Technology is being used more and more in schools all over the globe and teachers have an ever-expanding array of tools to use both for the class room and homework assignments. One of the newest additions is MyHistro, a free website to create timelines. Histros Inc., the company behind MyHistro has a background in history visualization. Their first project was Histrodamus.ee, an award winning website where people could learn about the history of Estonia using an interactive geolocated timeline. As good and original as it was, the website still had some limitations. Web 2.0 is all about collaboration and content creation rather than content consumption. Think about the Wikipedia revolution. Encyclopedias have been curated by scholars for centuries and are a great source of precise and reliable knowledge, and so is Histrodamus.ee, with its team of editors. Yet Wikipedia is an incredible tool that we couldn’t live without anymore and its secret lies in the collaboration between regular users. This very same idea is what prompted MyHistro. Teachers have now access to same design and functionality that made Histrodamus great and can use free and easy to make timelines to teach students around the world. These timelines allow students to study history interactively and socially, making history learning more appealing to digital natives who are more used to Social Networks than they are to books. Being on the Web the content is accessible from anywhere, even from mobile devices, thanks to their iOS and Android apps. But where these timelines really shine is in their three-dimensionality. We are not talking about the latest blockbuster movie here, we are talking about being able to understand clearly the what, when and where of history. I remember being a student myself and having to memorize names and dates without actually being able to connect the dots. Thanks to myHistro now the dots are right in front of you. These timelines can be played like a slideshow or browsed through in no specific order by clicking each single events on the actual timeline or on the map. They are a great way of presenting the class with some visual aids and very good studying material to prepare for a test because they contain all the notes from the teacher. Some teachers have been using them as assignments too, to asses the understanding of the topics they taught in the class as well as the writing skills of their students. Timelines and events can be co-authored, making them extremely good for group assignments. Embedded here is an example of a timeline created by a student. Don’t you think that this student now has a clear understanding of the whole picture, having had to pin point every single battle in time as well as in space?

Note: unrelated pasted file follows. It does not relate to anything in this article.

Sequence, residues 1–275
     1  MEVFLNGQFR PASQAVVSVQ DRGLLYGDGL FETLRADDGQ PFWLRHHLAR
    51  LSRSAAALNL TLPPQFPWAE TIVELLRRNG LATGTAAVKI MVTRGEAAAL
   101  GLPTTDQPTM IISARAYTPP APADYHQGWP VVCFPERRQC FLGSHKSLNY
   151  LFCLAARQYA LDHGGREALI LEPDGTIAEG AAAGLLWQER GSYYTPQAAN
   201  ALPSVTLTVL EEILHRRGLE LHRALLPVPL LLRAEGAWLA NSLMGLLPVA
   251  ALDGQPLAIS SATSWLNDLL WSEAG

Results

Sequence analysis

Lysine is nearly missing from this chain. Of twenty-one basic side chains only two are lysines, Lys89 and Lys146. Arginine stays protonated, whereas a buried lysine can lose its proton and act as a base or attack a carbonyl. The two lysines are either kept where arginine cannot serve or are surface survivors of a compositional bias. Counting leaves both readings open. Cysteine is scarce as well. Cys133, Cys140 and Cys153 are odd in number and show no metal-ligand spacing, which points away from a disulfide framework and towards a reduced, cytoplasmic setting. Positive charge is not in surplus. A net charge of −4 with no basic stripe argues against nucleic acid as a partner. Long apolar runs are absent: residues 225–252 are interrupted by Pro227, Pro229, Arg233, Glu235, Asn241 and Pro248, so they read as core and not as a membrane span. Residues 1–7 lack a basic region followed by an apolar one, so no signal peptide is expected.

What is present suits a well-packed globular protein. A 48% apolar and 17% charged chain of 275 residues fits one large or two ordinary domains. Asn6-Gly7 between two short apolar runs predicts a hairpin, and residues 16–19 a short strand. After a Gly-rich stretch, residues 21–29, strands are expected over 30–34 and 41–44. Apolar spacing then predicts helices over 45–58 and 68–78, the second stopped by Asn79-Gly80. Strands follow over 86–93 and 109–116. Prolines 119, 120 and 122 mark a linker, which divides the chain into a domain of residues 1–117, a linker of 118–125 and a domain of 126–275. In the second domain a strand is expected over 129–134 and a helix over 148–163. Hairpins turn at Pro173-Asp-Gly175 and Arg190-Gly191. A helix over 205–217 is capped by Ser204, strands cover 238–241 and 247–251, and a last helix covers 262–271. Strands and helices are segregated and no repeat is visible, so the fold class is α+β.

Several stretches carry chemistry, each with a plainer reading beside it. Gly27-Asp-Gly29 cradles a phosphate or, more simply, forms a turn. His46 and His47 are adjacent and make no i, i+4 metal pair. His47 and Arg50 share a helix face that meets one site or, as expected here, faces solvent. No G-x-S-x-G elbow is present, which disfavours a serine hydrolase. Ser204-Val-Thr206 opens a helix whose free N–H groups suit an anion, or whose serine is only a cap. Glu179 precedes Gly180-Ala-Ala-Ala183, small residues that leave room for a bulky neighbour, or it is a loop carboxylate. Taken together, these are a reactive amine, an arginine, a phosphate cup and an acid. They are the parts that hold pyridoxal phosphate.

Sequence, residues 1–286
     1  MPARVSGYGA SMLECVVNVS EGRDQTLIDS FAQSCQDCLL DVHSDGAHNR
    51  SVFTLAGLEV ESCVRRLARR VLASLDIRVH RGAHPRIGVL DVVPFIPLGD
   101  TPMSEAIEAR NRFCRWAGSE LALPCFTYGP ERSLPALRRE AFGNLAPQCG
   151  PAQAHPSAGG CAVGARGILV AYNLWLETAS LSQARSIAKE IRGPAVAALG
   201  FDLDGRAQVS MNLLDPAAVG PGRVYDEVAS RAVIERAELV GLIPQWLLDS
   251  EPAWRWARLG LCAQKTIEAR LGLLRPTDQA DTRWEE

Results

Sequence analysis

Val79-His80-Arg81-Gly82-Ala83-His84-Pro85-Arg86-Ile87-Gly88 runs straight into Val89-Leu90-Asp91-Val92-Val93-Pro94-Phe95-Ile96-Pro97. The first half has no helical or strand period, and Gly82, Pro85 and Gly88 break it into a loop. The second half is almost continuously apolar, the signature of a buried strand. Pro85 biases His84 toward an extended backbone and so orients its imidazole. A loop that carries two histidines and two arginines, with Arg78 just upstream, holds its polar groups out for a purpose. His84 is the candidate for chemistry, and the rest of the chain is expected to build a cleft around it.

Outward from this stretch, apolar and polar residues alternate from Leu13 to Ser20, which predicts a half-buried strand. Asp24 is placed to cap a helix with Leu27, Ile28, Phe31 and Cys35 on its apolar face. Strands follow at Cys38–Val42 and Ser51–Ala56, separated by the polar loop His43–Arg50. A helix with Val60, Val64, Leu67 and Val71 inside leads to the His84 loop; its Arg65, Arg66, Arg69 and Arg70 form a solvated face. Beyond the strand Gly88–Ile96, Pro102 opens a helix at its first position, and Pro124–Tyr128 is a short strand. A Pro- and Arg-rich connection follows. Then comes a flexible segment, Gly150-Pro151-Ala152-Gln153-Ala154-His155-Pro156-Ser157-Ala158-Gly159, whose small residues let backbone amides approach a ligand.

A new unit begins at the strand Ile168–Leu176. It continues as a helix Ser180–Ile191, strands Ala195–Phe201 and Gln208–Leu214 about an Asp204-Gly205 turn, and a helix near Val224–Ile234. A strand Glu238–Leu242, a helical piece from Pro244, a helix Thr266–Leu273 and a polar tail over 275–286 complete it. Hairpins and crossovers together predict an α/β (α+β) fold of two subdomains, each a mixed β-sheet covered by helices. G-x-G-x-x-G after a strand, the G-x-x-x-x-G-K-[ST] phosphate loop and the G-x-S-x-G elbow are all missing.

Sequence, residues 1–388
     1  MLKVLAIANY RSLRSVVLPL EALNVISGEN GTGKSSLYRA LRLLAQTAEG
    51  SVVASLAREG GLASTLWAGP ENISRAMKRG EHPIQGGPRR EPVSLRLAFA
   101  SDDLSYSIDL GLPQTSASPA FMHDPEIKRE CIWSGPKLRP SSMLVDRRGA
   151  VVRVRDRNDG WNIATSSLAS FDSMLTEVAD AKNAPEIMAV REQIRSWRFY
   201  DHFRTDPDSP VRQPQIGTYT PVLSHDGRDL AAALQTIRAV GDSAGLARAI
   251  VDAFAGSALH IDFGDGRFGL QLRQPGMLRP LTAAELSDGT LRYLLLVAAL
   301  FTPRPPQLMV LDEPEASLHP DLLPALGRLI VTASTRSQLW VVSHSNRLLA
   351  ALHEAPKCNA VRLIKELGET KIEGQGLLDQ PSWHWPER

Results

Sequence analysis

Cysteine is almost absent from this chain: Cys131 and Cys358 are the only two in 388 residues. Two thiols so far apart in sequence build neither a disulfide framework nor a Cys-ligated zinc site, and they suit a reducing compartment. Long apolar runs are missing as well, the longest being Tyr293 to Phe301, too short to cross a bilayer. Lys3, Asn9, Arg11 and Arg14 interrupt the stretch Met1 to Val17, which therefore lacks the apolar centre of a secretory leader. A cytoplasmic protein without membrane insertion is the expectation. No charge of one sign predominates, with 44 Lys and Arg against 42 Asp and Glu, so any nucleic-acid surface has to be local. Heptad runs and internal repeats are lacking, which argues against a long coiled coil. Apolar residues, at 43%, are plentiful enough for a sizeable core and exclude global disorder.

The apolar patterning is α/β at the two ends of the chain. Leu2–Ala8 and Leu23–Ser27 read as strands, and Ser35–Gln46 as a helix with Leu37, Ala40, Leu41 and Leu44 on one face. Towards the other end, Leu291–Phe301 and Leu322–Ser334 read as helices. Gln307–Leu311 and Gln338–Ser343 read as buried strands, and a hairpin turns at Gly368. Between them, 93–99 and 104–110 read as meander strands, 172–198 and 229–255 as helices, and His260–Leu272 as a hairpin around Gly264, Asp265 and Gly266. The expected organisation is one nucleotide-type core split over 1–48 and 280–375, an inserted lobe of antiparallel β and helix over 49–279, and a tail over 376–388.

Google Maps is an incredibly useful tool, one that I personally use every week (often daily) to find my way around town, locate bus stops and businesses, get point to point directions, and to look up places I travel to (like the one below of our trip to New Zealand).
I use it in school as well to teach students about geography, follow book plots, create maps of field trips, locate places they are learning about, and to take virtual field trips (zoom around the Colosseum below).
Recently, Google came out with a great little Maps tutorial called Start Here. The tutorial takes you on a journey through Google Maps showing you how to do things like create maps with locations, photos, and links, get driving directions, use indoor maps, explore street view, and many other useful skills. This is a great tutorial for students and adults as well.